Four Planning Considerations for Every Capital Project
Newark is changing. A commercial real estate boom has brought interest, energy, and money to the area, and some of the city’s nonprofit leaders are working to ensure that the vulnerable communities they serve don’t get lost in the shuffle. Many charitable organizations exist in the crossroads of Newark’s real estate gains and its residents’ needs and wants. In the current economic climate, some nonprofits seek to take advantage of the market by investing in capital projects, such as purchasing or renovating a building so the organization can expand critical services. While it may seem like an easy decision, large-scale facilities projects can be complicated, with unseen pitfalls and unexpected expenses.
From July 2016 through March 2018, Nonprofit Finance Fund (NFF) worked with 15 Newark-based nonprofits as part of the Newark Resilience Initiative (NRI), a project underwritten by Prudential Financial to combine customized consulting services and flexible grants to support organizational health and adaptability. During NRI, several of our clients navigated facility management decisions. NFF worked shoulder-to-shoulder with their leadership to ensure those projects supported their mission, while also making sense for the organization financially. For a nonprofit leader considering a facility project, it’s necessary to address the question: How will this purchase or renovation affect our financial situation? To help evaluate, I’ll share some financial health considerations from NRI participant, Vivian Fraser, the President and CEO of Urban League of Essex County, and insight from NFF’s 35 years of experience in the sector.
- Evaluate the implications of one-time capital expenditures and ongoing operating costs
Urban League discovered that running programs out of a newly-purchased building required additional staff to meet increased demand. On top of the one-time capital cost of buying the building, Urban League also needed to upgrade the phone system to serve clients efficiently .
In another example, imagine you run an after-school program that wants to convert an office building into program space to serve a new age group. Not only will you have one-time construction costs, but you likely need to hire additional program staff, purchase supplies, technology upgrades, and spend money on marketing. When planning a facilities project, the distinction between capital costs for construction and ongoing operating expenses of the after-school program should be carefully considered, especially because the organization may have higher operating costs post-project, and funding these costs requires different resources.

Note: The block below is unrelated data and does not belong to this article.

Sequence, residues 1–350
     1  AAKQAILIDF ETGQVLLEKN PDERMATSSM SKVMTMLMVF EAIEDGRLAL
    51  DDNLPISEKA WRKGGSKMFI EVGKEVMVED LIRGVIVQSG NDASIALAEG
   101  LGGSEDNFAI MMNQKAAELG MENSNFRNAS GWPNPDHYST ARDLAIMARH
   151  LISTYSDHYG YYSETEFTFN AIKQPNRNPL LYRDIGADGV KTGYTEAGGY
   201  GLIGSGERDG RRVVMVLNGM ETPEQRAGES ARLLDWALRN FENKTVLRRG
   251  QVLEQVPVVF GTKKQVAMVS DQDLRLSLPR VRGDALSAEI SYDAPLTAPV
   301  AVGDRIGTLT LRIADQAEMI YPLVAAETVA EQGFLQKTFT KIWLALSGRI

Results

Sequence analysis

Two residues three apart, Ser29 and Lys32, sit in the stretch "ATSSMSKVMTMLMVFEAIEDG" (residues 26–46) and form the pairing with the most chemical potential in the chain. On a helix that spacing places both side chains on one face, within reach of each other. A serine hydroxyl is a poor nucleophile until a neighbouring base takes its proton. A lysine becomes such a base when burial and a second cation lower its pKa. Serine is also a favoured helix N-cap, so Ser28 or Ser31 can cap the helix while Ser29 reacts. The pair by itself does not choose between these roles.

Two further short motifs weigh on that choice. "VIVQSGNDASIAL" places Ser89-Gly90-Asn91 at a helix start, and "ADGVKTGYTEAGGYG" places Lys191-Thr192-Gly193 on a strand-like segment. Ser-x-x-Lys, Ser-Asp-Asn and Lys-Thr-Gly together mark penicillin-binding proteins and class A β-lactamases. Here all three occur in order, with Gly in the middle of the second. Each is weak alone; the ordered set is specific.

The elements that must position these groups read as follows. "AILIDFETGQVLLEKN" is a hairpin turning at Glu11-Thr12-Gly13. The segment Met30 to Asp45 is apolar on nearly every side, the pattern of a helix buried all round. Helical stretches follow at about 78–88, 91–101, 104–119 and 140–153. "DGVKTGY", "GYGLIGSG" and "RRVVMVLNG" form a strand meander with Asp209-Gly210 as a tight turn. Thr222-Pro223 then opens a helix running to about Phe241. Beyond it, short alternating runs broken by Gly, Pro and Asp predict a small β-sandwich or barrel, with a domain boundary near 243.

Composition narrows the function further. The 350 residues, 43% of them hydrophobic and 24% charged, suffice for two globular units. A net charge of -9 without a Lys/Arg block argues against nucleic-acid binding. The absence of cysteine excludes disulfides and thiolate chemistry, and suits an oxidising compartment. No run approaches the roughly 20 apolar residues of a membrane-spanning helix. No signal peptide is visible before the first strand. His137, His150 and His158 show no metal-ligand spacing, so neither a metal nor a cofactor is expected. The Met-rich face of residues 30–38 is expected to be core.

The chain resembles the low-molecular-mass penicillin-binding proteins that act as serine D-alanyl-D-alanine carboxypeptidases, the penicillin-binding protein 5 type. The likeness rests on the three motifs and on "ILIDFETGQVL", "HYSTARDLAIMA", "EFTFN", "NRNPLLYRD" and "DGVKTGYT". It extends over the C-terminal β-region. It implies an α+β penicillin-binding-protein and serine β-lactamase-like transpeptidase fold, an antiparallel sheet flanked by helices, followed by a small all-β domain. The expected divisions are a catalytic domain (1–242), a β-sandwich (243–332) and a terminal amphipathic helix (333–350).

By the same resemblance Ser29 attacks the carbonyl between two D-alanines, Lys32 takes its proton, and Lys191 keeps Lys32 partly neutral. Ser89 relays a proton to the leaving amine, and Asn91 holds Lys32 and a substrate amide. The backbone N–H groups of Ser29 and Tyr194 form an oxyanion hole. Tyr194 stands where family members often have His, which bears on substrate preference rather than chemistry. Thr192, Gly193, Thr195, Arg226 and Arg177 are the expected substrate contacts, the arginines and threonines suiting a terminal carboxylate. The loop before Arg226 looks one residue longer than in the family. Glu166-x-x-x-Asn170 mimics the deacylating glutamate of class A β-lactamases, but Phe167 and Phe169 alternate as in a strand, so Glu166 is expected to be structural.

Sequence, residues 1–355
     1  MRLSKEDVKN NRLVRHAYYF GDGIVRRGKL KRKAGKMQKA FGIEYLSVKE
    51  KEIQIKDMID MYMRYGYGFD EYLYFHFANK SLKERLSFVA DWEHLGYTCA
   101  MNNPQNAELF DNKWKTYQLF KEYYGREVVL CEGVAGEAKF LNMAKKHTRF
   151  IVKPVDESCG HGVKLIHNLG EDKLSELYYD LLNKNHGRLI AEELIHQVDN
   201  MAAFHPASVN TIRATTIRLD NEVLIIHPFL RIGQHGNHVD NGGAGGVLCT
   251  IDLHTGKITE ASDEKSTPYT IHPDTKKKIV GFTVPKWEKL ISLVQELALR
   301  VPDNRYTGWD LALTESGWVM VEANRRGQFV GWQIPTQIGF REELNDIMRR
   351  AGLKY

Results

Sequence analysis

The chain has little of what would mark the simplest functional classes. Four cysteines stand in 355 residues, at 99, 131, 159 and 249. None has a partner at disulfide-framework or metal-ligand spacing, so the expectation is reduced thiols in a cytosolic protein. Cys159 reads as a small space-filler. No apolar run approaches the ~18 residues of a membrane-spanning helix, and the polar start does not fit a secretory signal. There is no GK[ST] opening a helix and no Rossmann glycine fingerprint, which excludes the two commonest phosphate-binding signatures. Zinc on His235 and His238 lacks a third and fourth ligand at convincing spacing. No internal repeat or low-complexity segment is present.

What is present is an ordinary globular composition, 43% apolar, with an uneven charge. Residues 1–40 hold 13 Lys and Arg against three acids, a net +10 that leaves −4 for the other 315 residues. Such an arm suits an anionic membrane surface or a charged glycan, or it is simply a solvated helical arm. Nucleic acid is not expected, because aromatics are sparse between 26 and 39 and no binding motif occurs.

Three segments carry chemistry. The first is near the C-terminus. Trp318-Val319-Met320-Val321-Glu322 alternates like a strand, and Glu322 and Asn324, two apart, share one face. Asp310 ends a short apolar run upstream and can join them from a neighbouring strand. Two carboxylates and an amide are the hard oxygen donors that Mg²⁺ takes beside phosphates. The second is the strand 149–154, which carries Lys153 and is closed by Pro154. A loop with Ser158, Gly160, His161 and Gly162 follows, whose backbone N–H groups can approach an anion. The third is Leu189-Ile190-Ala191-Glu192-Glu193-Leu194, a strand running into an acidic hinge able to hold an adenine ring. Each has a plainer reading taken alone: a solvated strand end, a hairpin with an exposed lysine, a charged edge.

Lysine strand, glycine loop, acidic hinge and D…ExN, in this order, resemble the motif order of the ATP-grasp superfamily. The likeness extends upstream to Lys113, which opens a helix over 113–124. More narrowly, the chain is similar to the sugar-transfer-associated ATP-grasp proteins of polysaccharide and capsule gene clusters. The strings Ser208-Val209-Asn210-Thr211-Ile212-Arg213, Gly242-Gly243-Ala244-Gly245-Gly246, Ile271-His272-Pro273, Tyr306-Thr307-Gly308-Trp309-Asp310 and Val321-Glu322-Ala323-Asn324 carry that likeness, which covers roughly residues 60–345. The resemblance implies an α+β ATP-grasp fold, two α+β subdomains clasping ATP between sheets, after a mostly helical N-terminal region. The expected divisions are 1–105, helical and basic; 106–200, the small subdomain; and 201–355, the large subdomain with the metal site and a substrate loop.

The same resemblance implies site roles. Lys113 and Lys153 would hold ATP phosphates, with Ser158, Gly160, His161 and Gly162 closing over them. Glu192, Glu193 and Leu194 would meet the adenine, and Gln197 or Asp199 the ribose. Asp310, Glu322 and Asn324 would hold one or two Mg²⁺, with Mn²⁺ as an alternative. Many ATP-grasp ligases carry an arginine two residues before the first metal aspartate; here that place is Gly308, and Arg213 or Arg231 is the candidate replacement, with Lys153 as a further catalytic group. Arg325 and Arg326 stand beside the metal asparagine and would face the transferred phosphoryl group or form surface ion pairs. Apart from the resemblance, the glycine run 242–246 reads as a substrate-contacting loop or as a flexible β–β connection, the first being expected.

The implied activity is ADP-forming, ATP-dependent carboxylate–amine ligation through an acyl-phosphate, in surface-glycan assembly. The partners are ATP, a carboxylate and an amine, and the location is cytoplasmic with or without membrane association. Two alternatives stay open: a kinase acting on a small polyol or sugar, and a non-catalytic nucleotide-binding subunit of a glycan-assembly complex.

- Anticipate both capital and ongoing revenue needs associated with the project
Property and equipment (P&E) investments are funded through capital resources which may be available through acquiring debt, using reserve funds, or running a capital campaign (a dedicated fundraising drive, usually to raise money for a facility, endowment and/or reserves). And simultaneous to these capital needs, operating revenues are necessary to maintaining regular programs and services, creating a tenuous balance between the need for one-time versus ongoing funds. For example, donors may contribute to the capital campaign instead of making program or operating gifts. In addition to the new building, Urban League is also considering a capital campaign to make improvements to its P&E. As part of the capital campaign readiness assessment, Urban League evaluated potential donor fatigue for those who could be asked for capital campaign and annual contributions in the same year.